Michele Filgate has been the events coordinator at one of NYC’s premiere independent bookstores, McNally Jackson, for the past three months. She ran events at RiverRun Bookstore for three and a half years prior to that and worked there for two years while attending college. She also worked at her college bookstore and volunteered at an Indie bookstore as a kid. She loves books. Before she worked ar RiverRun, she helped produce a segment for CBS Evening News with Katie Couric called “Assignment America.”
BookMarketingBuzzBlog conducted an interview, via email, this past week with Michele. Here’s what she had to share:
1. What do you like best about what you do? There are so many things I love about my job. It's hard to narrow it down to one thing. I suppose it would have to be connecting writers with devoted and new fans.
2. Are you in awe when best-selling authors and famous people come in to your store to do a book signing? Who were some of your favorites? Sometimes! We recently had a wonderful event with Edna O'Brien and the actor Gabriel Byrne. That was without a doubt one of the best events I've ever hosted. What an incredible conversation between two great artists! I loved hosting Stephen King at RiverRun Bookstore. He's charming and very down-to-earth.
3. What do you look for in determining which author/book you will hold an autograph signing for? Several things, including: Is someone on staff passionate about the book? Is the author a big name? If the author isn't a big name, will we get a good turnout if we host the author? Is there some really good pre-publication buzz about the book?
4. You do more than just have authors sign books. Tell us what goes into planning your events. I like to think of our series as more curated than just "this author is reading on this date." I shy away from an author reading by him or herself (unless it makes sense), and try to pair a lot of authors together. I'm big on in-conversation events, where a lesser known author is interviewed by a big name writer or editor. I also love to book panels, and social events. We're hosting Nerd Jeopardy soon, a fun night of literary trivia and wine. There's a lot that goes into planning events. It's good to balance the calendar and always keep it interesting.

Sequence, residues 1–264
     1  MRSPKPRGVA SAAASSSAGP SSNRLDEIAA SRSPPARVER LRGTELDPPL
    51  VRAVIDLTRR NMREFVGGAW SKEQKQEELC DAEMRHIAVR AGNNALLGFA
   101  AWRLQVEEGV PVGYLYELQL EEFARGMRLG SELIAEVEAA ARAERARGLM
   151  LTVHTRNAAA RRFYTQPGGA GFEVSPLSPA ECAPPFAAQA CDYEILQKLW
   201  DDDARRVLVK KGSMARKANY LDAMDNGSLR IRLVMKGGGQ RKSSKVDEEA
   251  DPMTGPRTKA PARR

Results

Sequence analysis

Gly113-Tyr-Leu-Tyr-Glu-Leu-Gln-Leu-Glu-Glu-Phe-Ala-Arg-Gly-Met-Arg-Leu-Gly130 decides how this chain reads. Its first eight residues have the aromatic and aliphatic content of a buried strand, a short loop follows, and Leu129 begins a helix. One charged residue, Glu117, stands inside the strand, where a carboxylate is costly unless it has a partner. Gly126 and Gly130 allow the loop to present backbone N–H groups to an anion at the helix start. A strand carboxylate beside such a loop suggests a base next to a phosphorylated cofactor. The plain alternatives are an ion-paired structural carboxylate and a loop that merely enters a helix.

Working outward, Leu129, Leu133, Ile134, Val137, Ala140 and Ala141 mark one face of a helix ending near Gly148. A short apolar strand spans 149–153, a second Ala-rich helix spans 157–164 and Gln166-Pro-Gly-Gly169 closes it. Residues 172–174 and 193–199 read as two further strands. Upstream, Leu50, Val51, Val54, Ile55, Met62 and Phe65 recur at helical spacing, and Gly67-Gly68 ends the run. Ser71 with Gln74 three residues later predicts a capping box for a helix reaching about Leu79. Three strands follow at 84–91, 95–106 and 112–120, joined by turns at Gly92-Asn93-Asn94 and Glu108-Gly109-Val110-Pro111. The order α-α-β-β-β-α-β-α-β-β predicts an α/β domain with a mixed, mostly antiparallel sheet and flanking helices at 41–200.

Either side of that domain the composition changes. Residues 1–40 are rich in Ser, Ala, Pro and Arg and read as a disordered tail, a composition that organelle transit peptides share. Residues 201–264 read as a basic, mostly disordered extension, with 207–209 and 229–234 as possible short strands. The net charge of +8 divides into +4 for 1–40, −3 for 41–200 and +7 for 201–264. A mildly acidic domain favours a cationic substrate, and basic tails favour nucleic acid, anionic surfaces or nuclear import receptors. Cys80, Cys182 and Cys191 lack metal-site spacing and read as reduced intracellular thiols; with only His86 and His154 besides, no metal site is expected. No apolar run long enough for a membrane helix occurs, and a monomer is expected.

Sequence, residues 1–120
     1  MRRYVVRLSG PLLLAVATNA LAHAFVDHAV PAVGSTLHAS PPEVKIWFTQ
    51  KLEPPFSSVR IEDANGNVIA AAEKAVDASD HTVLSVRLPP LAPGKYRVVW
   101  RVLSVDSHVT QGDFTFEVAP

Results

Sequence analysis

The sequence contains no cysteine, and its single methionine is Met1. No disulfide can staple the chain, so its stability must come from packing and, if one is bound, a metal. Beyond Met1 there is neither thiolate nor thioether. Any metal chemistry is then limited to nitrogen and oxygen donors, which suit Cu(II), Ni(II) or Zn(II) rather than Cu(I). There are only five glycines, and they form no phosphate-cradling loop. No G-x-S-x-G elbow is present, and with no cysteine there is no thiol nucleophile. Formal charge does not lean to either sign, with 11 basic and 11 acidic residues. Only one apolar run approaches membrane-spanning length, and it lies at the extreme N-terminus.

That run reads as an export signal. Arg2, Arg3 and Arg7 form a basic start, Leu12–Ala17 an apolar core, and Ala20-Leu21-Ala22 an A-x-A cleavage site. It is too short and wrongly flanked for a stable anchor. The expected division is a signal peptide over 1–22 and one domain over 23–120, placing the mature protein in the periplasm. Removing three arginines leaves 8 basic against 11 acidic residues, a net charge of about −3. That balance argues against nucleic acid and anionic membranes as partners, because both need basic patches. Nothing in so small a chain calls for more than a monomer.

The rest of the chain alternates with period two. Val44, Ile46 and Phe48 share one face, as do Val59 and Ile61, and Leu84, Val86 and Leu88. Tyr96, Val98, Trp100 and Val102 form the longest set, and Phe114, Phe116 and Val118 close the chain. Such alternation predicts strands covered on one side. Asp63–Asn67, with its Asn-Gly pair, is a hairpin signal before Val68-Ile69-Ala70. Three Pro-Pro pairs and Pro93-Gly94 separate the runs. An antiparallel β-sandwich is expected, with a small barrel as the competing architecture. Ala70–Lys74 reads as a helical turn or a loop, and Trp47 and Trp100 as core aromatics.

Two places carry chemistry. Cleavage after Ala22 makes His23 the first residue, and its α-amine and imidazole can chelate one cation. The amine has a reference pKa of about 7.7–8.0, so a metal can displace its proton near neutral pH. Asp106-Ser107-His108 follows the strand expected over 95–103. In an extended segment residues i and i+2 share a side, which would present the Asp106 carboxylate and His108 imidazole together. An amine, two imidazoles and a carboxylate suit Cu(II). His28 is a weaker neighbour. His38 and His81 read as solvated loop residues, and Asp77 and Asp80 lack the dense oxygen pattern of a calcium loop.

5. What do you think independent bookstores can do to differentiate from the chains? One word: community. Indie bookstores often become cultural centers-- a gathering place for events, the exchange of ideas, and even community involvement.
6. As more books are purchased online or as e-books, where does that leave the independent bookseller five years from now? There's nothing that can replace the experience of shopping in a brick and mortar store, and getting recommendations from people who read all the time. Indie bookstores are here to stay, and many of them are keeping up with technological advances. At McNally Jackson, we sell e-books via our website. We also have an Espresso Book Machine, and can print lots of backlist titles and self-published books in a matter of minutes.
7. Some independent bookstores are charging for author presentations. How will that help bring in more bookstore traffic? I know that some bookstores who follow that model are seeing an increase in turnout and an increase in sales at events. Having some sort of financial investment in the event-- even if it's a five dollar ticket-- can make a difference in people showing up the night of the reading.
Book Marketing Tool: Language
Although the English lexicon consists of some two million words, most people have a functioning vocabulary of about 60,000 words. But the 100 most frequently used words make up 50% of all that we read and write. The top 300 words make up 65% of all that we read and write.
Does that mean the typical book of some 80,000 words consists largely of just the repeated use of 300 words? Does that mean the one-third of text that doesn’t call upon those words is really what makes one book different from another?
It would seem a book is just one long string of words – a puzzle that expands 224 pages. Arrange them one way and you get a best-seller; arrange them another way and you get something that sits in a remainder bin.
It is interesting to explore how so many words are just stated in different versions, thus creating new words. When you take different tenses, prefixes, suffixes and the plural into consideration, you can have many words from one. Take love for example. We also get:
Just by adding one word before and/or after another word can completely alter the significance of a word:
I love you
I don’t love you
I love no more
Of course none of this is new or unusual for those of us who love words and even make a living with them. But sometimes we forget to dance and sing with our words, to bring them to the fore of our minds. Life offers, a big playground and words are the toys we get to play with all the time, 24-7, no matter where we are or what we’re doing.
In case you wondered, here are the 20 most frequently used words. Use them wisely. It’ll be the words that you connect to those 20 that will make all the difference in the world to your writing:
1. the 11. he
2. of 12. was
3. to 13. for
4. and 14. on
5. A 15. are
6. in 16. with
7. is 17. us
8. it 18. I
9. you 19. his
10. that 20. they
Brian Feinblum is the chief marketing officer at Planned Television Arts (www.plannedtvarts.com) and blogs daily at http://www.bookmarketingbuzzblog.blogspot.com. You can follow him on Twitter @theprexpert.
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